In the Jim Crow era, Southern whites used two main legal strategies to prevent African Americans from voting. The first involved using poll taxes, literacy tests and other tactics to disqualify blacks. The second was the so-called "white primary," which the Democratic Party used to keep blacks out. Private organizations that barred African Americans would nominate whites to run for elected office. Technically, blacks could still vote in the elections, but because all the candidates were nominated in the white primaries, blacks could never vote for a candidate of their choosing.
African Americans in Texas, with the help of the NAACP, began challenging the state's white primary in the early 1920s, arguing that the system violated the 14th and 15th Amendments guaranteeing equal protection under the law and barring states from denying people the right to vote based on race. It took twenty years, but Thurgood Marshall and the NAACP Legal Defense Fund finally prevailed. In 1944, the Supreme Court ruled in Smith v. Allwright that white primaries were unconstitutional. Though an additional decade of litigation was required to settle a spate of challenges to the ruling, white primaries were all but dead by 1948.
After the ruling, tens of thousands of blacks registered to vote. Thurgood Marshall was heartened to see how quickly other states fell into line once the Texas primary was outlawed. But Southern whites continued to keep blacks away from the polls with taxes, literacy tests and a sure-fire way to keep blacks home: violence. Though Thurgood Marshall and his colleagues won an impressive number of cases securing blacks the right to vote, they still could do little to protect the safety of those who tried to exercise it. Nevertheless, Thurgood Marshall considered Smith v. Allwright one his most important legal victories.
Marshall: Well, the primary case in Texas, Smith against Allwright was, I think, the first real big one I had. There had been four previous cases, and Negroes still weren't voting in the primary, and we started that one, Smith against Allwright, and the Negroes who contributed [money] to it in Texas told me, they said, "We want you to know, this is the last go-round; we've contributed four times before, if you lose this one, forget about it."
So that put a little weight on me, too, and at the trial, before a Republican judge - I've forgotten his name - in Houston, it was delayed several times. Wasn't his fault, wasn't anybody else's fault, and eventually we tried it, and we lost it. And then we went to the Court of Appeals, the Fifth Circuit, in Fort Worth, Texas, and you usually have a half hour to an hour of argument. And when I walked in that morning, Chief Judge [Joseph C.] Hutcheson [Jr.], a very, very capable judge, one of the best-but he drafted the first white primary law to keep Negroes out, so I mean, I knew where his heart was.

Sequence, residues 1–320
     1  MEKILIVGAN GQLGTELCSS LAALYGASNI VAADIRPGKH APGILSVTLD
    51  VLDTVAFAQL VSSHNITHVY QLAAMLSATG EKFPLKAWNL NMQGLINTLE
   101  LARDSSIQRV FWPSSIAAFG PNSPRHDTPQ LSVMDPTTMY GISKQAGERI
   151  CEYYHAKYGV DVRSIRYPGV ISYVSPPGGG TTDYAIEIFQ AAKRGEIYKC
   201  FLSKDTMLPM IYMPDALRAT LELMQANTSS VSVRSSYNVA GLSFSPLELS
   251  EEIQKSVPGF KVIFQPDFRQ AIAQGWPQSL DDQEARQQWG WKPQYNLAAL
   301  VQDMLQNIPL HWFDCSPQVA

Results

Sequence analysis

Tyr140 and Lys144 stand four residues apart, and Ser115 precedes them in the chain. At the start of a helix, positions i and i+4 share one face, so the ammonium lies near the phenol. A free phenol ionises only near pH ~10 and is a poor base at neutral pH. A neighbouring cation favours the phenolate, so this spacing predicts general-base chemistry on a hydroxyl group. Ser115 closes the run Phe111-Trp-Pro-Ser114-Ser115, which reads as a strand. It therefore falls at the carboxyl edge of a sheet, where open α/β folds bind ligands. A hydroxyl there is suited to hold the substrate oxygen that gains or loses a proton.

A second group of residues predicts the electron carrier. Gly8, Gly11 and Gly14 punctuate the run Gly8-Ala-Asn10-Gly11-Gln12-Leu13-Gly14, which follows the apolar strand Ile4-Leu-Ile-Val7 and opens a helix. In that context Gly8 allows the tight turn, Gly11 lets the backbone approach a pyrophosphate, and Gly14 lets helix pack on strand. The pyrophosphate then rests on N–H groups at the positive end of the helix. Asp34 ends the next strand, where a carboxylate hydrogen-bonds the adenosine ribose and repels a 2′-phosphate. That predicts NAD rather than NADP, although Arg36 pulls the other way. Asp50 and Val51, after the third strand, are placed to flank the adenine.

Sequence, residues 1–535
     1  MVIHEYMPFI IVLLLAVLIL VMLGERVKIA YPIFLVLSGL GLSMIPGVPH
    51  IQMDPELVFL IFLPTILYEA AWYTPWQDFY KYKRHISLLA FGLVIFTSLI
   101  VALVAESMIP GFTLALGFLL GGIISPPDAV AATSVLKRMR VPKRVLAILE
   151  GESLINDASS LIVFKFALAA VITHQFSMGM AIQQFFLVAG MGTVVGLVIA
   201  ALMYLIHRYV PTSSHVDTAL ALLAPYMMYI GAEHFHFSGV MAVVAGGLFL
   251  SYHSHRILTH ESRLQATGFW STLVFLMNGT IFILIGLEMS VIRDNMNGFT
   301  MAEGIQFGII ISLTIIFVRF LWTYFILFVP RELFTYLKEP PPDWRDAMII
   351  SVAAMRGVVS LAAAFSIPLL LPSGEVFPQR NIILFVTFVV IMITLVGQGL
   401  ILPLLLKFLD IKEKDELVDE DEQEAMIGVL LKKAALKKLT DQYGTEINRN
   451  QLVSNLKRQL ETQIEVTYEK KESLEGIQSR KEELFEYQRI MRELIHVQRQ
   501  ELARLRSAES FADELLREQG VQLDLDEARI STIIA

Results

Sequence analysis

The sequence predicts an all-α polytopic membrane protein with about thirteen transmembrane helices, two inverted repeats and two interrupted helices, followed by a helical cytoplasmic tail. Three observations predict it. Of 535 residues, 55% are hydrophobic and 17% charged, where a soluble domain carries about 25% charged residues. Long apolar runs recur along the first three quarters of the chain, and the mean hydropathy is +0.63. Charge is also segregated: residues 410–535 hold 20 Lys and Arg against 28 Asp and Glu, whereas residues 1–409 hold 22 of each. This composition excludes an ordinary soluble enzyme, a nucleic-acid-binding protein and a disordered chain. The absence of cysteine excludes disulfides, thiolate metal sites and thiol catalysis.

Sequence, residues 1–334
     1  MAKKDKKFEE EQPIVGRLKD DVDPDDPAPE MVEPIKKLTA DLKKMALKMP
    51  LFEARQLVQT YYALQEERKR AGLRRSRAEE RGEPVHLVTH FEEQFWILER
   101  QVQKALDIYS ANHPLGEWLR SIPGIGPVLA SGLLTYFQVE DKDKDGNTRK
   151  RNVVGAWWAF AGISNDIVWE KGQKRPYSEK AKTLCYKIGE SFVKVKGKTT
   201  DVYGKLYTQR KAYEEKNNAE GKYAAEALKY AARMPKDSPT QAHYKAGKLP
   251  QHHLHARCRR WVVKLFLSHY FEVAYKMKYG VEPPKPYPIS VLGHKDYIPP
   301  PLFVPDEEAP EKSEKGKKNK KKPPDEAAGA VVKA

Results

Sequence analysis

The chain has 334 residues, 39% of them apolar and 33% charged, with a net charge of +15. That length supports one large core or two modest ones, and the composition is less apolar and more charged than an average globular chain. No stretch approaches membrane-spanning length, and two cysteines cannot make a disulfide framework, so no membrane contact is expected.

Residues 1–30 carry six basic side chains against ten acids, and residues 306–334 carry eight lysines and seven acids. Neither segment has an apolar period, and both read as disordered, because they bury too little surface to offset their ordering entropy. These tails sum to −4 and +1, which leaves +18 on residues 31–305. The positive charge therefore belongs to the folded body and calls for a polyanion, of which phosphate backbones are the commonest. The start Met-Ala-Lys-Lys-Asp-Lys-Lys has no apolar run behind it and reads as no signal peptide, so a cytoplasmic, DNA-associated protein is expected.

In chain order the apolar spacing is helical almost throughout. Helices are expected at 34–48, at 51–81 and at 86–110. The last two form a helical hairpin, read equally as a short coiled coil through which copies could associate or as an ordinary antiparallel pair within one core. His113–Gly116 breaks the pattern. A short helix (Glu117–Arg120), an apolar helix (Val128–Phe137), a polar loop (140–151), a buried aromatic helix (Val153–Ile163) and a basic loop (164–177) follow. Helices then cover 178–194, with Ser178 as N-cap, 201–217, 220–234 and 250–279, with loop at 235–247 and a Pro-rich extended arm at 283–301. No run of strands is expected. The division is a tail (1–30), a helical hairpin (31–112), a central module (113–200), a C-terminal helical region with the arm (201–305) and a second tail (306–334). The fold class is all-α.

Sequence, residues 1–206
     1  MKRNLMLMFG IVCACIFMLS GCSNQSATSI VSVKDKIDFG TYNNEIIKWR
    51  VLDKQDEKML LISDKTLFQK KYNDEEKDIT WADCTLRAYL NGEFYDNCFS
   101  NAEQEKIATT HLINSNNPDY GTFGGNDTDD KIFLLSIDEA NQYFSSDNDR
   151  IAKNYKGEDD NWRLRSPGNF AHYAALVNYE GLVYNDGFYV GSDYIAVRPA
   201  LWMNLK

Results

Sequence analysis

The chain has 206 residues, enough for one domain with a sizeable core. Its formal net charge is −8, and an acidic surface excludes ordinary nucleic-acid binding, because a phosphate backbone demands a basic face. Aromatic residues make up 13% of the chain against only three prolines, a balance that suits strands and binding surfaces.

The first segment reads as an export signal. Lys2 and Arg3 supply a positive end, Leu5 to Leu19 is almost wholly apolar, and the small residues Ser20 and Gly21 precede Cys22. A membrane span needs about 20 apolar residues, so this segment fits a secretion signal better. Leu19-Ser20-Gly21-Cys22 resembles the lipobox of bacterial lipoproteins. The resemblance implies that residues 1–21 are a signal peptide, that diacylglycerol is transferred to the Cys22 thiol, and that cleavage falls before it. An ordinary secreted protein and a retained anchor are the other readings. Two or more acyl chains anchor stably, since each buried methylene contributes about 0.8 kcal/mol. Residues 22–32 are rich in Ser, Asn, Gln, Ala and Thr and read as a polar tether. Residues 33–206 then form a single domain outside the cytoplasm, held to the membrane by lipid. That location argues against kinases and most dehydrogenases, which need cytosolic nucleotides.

When we started the argument, I said, "I think I'm running out of time." And Judge Hutcheson said, "Oh, no. We've got the whole day. Feel at ease." And he started in on his questioning, and he questioned me about qualifications for voters, step by step, back, back, back, and I kept giving him the answers. Eventually he asked me a question, and I said, "Now, Judge Hutcheson, with all due respect, I don't know anything better than the truth, and I have to tell you what the truth is."
He says, "What's that?"
I said, "You're talking about the Justinian Code, aren't you?"
He said, "Yeah. Of course."
I said, "Well, I just want to warn you that I can answer that, but that's as far as I go."
He said, "Join the club. That's as far as I go."
He had me on my feet for three hours, and he ruled against me. Then I said,
"Well, I'm going to the Supreme Court."
He said, "Of course."
And I know, I saw him a couple of months later, in the Court of Appeals of New Orleans, and he said, "Have you filed your petition for certiorari yet?"
I said, "No, sir."
He said, "Well, why don't you hurry up? You know you're going to win."
I remember thinking then, I'd go ahead, and we brought it up here, and we did; we won it.
That case, that started the whole voting of the Negroes in the South. And after that, thanks to former Justice Clark, Tom Clark, who was then Attorney General, he told the other states that they'd better fall in line or he'd whack them one. And they all fell in line except Georgia and South Carolina, and we had to file two more cases.
And I know, in South Carolina, when we won the right to vote there, to register, and if I remember correctly, we put something like eighty thousand Negroes on the books in a ten-day period. And they don't have that many now. I remember, in Charleston, a story a newspaper boy told me, the Negroes all dressed up to register, to vote in the primary. They put on their Sunday clothes. It was a big day.
And they were in this line, which this newspaper reporter saw, and there were a couple of white people pushing, you know, who wanted to get ahead. And these Negroes, of course, they'd been there waiting. And so when these white people kept pushing, this Negro woman turned around to the man behind her and she said, "You seem to be in a hurry. So you just go right ahead. You know, we been waiting a long time. We don't mind waiting a little longer."
[Laughs] She said, "We don't mind waiting a little longer."